CEOs Should Take Broad, Long View In Deploying Tax Cut Proceeds

tax cutEven as tens of millions of Americans start seeing a bump in their take-home pay this week thanks to the Republican tax cuts, CEOs are still unveiling plans to fuel the expected economic surge with their companies’ own contributions in the forms of one-time bonuses, extra stock awards, and permanent wage increases.

Yet these decisions need to take on a longer-term hue as well as comprise reactions that are calculated to optimize the moment for marketing or employee-morale purposes.

And, in fact, some analysts suggest that CEOs who don’t capitalize in some visible way on the possibilities provided by the tax cuts may live to regret it.

“Now that so many companies are doing this and considering doing this, it does begin to seem unwise to ignore,” says John Bremen, managing director of human capital and benefits for the Willis Towers Watson consulting firm, told Chief Executive.

In any event, it won’t take long for the huge new stimulus from the private sector to join personal income-tax cuts in translating to an even more robust U.S. economy: The Atlanta Fed already has predicted a whopping 5.4-percent GDP gain for the first quarter.

But done right, CEOs’ decisions about how to deploy savings from corporate tax cuts could benefit their companies and workers for years to come.

“Many companies are planning to invest more heavily not only in wages and salaries but also in benefits and ‘people programs.’”

Apple took a holistic kind of approach in announcing that, in the wake of the tax cuts, it would give employees part of the proceeds but also invest much more deeply and broadly in operations in the United States including a sort of second headquarters, somewhere, that would employ about 20,000 people.

Also, Honeywell International, for example, is repatriating at least $7 billion of the $10 billion in cash that’s held by its foreign subsidiaries and planning to “continue investing in our businesses in the U.S.,” CFO Thomas Szlosek told analysts. Honeywell also intends to leverage the cash to pay a bigger dividend to shareholders, to repurchase shares, and “to more aggressively seek out M&A, particularly in the U.S.”

Many traditional retailers are expected to use some of the savings to invest more heavily in e-commerce, where Amazon and others are eating their lunch.

“They’ll also do investments in store remodeling and in better managing their stores,” Deniz Caglar, principal with PwC Strategy and author of the book, Fit for Growth, told Chief Executive. “They also will invest more in training employees to upsell or cross-sell. I see many of those targeted investments.”

Many companies are planning to invest more heavily not only in wages and salaries but also in benefits and “people programs.” About two thirds of large and mid-size employers just surveyed by Willis Towers Watson are planning or considering making changes to their benefit programs or already have done so. The most common initiatives include expanding personal financial planning, by 34 percent, and increasing 401(k) contributions, 26 percent.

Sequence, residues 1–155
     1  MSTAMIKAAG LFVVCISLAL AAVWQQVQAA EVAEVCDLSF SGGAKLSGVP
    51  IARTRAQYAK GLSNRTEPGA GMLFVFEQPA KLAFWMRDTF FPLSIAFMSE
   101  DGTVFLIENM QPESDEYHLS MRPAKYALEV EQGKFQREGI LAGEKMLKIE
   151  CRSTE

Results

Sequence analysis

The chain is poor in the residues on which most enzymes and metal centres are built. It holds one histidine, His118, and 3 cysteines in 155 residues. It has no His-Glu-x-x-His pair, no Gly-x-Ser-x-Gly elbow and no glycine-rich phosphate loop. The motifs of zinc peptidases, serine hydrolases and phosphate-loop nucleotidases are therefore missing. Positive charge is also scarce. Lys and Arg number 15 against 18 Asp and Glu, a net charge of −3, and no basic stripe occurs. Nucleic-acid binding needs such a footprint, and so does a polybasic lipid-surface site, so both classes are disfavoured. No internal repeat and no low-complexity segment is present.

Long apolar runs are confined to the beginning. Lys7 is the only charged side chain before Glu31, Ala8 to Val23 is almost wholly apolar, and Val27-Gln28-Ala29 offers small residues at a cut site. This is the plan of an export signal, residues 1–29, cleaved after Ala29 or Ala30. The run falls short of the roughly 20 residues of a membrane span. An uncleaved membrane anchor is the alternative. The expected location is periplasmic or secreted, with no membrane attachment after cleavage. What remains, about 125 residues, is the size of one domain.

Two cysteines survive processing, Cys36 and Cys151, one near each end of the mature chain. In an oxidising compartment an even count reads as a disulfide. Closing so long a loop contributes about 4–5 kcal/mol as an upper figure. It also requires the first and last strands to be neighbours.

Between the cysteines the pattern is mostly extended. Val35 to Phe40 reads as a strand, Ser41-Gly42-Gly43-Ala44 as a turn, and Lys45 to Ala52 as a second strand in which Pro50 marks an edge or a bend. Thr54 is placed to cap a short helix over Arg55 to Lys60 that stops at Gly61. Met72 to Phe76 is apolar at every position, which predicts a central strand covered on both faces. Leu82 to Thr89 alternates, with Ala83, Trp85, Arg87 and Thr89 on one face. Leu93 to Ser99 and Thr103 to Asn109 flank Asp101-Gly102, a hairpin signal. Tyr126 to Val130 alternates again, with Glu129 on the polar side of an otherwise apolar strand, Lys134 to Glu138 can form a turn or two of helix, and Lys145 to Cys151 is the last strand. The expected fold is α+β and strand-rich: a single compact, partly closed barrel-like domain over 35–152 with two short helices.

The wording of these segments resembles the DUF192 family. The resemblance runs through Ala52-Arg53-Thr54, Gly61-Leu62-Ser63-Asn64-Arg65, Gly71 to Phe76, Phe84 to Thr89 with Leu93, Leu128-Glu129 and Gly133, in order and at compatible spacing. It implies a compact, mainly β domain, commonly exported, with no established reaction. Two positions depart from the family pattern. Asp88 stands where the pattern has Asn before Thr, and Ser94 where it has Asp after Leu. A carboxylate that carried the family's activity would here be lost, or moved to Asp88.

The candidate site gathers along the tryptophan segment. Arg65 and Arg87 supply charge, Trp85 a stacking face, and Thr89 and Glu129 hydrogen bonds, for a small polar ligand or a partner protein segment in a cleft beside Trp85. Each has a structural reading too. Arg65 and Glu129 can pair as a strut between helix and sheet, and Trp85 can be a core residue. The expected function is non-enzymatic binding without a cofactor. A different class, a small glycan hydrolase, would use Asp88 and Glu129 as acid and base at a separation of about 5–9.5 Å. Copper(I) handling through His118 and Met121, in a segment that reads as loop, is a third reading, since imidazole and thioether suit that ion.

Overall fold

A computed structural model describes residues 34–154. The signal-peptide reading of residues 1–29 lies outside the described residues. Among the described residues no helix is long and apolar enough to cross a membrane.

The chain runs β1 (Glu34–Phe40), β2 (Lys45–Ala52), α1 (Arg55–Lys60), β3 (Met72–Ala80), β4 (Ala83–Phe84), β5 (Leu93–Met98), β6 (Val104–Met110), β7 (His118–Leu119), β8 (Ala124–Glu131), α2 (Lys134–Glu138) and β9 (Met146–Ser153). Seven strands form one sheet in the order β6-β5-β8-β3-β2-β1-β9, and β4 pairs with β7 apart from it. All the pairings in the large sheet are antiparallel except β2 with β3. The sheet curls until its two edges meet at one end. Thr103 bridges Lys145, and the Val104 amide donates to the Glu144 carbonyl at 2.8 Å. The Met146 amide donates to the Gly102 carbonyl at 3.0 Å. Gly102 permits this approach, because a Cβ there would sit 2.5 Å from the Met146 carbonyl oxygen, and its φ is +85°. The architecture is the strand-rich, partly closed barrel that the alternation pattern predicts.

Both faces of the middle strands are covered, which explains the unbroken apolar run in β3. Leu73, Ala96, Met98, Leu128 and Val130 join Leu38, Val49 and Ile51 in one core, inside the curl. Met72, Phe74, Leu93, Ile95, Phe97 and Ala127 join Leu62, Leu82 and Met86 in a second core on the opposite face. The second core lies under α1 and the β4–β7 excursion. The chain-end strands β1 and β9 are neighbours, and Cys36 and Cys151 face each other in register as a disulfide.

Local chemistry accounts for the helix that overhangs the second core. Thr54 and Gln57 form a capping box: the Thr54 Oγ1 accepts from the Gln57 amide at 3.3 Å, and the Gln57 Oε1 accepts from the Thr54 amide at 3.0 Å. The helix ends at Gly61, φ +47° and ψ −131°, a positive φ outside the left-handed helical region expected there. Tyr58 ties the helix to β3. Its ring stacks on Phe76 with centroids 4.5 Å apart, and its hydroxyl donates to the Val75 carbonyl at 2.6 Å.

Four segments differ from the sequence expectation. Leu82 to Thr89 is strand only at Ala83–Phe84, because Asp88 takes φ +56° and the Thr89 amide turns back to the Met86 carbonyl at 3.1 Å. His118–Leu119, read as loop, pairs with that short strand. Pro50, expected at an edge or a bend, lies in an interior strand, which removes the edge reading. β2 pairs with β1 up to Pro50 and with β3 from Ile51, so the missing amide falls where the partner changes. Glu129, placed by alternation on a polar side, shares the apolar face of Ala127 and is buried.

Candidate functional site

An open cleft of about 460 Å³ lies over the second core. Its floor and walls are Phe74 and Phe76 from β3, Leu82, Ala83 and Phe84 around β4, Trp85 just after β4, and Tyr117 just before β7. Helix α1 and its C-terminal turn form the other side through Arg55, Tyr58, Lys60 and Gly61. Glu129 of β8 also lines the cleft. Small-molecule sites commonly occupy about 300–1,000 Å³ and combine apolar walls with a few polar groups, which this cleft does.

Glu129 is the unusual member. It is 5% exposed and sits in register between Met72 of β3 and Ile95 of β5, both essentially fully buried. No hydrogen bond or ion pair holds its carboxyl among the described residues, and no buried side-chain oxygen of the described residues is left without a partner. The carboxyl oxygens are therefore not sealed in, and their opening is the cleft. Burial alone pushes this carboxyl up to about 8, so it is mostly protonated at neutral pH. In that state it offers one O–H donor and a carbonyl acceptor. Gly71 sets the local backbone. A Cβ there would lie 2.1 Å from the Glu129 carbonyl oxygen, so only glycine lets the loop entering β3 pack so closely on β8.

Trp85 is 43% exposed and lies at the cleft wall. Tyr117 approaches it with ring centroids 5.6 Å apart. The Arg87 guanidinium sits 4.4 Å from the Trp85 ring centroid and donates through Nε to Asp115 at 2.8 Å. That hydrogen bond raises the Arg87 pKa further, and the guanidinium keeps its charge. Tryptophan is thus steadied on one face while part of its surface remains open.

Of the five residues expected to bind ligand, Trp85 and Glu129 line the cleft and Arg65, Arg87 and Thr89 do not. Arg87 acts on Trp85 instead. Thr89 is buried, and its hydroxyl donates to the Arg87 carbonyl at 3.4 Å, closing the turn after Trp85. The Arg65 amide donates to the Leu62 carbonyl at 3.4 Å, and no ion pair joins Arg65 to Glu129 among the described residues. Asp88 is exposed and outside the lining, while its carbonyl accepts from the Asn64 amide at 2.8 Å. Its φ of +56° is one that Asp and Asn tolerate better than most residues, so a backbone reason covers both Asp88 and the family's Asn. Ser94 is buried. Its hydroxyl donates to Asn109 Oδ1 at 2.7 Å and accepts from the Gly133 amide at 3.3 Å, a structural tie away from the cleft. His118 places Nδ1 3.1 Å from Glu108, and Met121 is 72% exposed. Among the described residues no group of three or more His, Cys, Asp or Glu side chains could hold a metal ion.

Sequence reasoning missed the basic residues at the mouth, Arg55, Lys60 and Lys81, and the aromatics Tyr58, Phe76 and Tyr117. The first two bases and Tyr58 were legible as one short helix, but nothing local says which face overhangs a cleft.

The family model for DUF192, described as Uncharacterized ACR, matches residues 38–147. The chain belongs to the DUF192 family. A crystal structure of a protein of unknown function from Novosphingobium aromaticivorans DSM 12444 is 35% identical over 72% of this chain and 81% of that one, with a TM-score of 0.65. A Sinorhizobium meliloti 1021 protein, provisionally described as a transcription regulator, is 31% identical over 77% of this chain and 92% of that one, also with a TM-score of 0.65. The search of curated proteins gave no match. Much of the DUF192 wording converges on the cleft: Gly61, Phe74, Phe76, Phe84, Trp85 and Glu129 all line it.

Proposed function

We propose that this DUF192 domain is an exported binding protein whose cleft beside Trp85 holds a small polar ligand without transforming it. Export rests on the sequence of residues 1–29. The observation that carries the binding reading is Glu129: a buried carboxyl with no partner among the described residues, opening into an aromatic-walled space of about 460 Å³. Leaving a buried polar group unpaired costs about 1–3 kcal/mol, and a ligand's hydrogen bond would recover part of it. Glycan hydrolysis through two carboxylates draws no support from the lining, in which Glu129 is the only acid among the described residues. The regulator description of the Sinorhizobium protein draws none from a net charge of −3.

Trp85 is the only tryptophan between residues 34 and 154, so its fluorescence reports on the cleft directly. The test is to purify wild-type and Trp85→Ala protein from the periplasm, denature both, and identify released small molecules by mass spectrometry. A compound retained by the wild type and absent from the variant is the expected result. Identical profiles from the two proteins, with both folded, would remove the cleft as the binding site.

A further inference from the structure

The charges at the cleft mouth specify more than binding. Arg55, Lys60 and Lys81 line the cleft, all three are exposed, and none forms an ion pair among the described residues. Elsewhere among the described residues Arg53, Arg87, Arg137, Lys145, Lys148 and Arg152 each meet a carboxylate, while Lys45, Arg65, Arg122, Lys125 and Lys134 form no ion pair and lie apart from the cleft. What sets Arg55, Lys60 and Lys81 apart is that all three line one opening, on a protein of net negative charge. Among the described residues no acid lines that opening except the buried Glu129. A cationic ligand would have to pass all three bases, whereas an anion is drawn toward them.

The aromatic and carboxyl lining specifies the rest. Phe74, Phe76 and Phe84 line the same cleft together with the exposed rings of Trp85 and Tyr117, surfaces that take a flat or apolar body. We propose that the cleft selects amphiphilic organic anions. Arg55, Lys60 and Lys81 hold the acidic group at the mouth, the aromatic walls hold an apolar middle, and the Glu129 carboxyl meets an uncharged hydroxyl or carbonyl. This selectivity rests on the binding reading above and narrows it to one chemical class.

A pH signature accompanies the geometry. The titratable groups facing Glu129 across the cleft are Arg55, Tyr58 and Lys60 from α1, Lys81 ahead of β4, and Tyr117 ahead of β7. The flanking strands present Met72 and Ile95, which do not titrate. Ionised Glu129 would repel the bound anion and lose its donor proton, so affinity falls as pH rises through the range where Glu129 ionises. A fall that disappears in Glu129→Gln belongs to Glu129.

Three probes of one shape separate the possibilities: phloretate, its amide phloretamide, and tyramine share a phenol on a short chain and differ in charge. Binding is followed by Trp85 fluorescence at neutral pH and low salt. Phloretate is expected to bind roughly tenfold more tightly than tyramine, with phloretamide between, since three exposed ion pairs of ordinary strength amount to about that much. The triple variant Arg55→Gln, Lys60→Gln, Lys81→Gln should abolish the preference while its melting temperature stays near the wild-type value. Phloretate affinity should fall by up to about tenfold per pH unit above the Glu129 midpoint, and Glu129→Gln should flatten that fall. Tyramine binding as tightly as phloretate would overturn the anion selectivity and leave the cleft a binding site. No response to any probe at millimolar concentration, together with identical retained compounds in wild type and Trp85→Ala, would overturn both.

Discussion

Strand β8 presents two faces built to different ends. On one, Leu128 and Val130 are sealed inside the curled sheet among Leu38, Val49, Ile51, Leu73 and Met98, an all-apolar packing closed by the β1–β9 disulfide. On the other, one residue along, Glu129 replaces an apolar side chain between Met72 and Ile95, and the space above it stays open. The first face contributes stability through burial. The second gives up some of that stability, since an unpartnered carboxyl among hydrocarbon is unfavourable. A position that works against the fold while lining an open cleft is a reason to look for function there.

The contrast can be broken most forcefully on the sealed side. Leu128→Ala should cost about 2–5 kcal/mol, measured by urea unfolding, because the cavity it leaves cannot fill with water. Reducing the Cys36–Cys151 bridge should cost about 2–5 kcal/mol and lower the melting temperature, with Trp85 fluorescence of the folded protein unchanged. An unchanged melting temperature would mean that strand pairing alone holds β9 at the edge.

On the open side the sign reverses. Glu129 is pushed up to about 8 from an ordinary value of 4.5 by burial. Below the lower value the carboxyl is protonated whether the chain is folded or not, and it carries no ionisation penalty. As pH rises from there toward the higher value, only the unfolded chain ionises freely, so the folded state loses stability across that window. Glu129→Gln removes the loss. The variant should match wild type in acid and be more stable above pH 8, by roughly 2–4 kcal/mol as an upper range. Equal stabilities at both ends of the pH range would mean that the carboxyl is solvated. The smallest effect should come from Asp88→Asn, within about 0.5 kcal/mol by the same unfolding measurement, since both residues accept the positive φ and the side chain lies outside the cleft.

And 64 percent are planning or considering taking action on their broad-based compensation programs, or have already taken action. Options include 36 percent of those surveyed who are considering attacking pay-gap issues with the proceeds. More CEOs may look at the tax cuts as a way to help fund parental-leave programs under an expansion urged by President Trump in his State of the Union address.

“So many companies are benefiting from the change in tax law enough to give a serious look at investments in talent that probably have been contemplated for some time, but which many deferred because of no funding or other priorities,” Bremen said.

At the same time, Kimberly-Clark is using a chunk of its tax savings to accelerate plans that its employees can’t be happy about: closing plants. The Dallas-based CPG giant, maker of Kleenex tissues and Huggies diapers, said that it planned to use part of the tax-cut proceeds to pay for an ongoing corporate restructuring that includes its just-announce closure of two plants in Wisconsin and the loss of more than 600 jobs.

The windfall also can pose a dilemma for CEOs who have made a big point of opposing the Trump administration and its policies, even the president himself, in some outspoken way, and don’t want to be seen as hypocritically taking advantage of a federal action that happens to help them.

That didn’t stop Apple CEO Tim Cook, who harshly criticized Trump’s immigration ban. But other CEOs may want to gauge how they leverage the tax-cut proceeds in light of they and their company’s positioning on such issues.

“If you’re a company that has been openly antagonistic toward the West Wing, I’d look at allocating some of that windfall to charity, non-profits, more training for employees – doubling down on increasing the diversity and inclusiveness of your organization, maybe even allocating 10 percent of whatever proceeds to an organization that aligns fully with who you are and what the company stands for,” Steve Cody, CEO of Peppercomm, a marketing agency, told Chief Executive.

“It’s a great opportunity for the CEO to speak up and remind employees that they aren’t wavering in any way, shape or form in terms of stances against what’s been said and done by the White House.”

Dale Buss
Dale Buss is a long-time contributor to Chief Executive, Forbes, The Wall Street Journal and other top-flight business publications. He lives in Michigan.

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